Locate drafts and versions
Collate, cut, track, edit, rewrite, construct, and arrange
Secure permissions to use copyrighted material
Find songs, pictures, stories, videos
Help the designer do the research
Help the director do casting
Help the marketeers and developers
Seek and present pathways into the world of the play
Gather and arrange images, sounds, and ideas for rehearsal
Explore and present: the world of the play
the author of the play,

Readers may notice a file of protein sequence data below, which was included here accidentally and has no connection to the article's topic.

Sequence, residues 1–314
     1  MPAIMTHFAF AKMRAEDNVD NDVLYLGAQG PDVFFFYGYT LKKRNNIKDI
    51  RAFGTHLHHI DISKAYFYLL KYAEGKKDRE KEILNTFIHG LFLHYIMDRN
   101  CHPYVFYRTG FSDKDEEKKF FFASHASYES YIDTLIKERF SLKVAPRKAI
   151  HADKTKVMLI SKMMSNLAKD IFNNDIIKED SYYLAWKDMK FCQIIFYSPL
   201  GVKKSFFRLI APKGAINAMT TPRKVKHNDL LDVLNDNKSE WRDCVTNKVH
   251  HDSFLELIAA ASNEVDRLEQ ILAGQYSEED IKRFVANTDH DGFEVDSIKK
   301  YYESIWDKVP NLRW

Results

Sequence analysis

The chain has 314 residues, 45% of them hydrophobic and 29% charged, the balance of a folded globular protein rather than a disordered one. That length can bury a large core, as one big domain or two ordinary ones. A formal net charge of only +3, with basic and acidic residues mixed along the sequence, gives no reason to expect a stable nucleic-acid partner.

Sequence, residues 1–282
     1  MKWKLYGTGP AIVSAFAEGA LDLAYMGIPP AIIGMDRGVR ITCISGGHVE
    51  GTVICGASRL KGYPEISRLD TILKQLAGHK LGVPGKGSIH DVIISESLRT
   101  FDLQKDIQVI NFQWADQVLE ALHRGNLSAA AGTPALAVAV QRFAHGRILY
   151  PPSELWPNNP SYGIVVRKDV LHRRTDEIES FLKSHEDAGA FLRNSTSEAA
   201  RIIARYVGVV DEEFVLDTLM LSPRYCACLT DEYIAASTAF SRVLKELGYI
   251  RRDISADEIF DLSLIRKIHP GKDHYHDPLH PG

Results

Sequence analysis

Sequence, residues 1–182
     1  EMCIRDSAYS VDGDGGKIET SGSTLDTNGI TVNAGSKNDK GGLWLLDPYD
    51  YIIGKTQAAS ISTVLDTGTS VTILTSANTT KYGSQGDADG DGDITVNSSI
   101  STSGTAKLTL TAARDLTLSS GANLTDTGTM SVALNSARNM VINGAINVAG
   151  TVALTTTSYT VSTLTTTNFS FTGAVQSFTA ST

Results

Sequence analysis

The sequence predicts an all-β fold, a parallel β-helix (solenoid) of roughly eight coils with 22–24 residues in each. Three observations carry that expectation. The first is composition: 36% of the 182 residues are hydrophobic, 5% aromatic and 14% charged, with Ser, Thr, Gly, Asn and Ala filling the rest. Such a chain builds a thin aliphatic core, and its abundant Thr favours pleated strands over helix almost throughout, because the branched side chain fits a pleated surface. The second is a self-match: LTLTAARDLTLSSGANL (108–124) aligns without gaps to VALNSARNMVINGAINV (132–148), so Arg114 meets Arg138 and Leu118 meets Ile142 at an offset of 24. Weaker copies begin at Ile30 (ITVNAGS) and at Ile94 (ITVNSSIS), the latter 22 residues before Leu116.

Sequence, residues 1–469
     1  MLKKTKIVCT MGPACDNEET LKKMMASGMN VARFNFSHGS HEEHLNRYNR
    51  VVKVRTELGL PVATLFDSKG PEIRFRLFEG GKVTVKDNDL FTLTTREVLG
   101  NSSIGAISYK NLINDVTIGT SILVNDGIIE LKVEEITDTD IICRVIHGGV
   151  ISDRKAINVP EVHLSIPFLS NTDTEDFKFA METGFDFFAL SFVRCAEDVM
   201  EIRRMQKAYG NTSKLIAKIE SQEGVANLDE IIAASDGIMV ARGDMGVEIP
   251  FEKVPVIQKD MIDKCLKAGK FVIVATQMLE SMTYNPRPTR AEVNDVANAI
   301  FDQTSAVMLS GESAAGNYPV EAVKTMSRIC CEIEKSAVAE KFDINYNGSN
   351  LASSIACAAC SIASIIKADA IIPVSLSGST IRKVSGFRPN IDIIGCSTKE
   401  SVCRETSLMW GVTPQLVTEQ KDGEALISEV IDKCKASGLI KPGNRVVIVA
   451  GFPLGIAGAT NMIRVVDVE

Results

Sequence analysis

the script’s production history,
the relevant criticism
Conceive the forms of the script as a script
Conceive the forms of the play as it grows
Stay on course when all goes well
Maintain the calm when all goes ill
(as it will)
Create the lobby display
Love the work

Establish relationships with local educators
Help them use theatre to support their curricula
Prepare study guides
Develop production web sites
Write and edit program materials
Organize and lead pre- and post-show discussions
Plan and lead seminars and symposia

Affirm the function,
Explore the practice, and
Promote the profession of
dramaturgy and literary management.
Nourish the arts wherever we find them:
in schools,
in communities,
and around the world.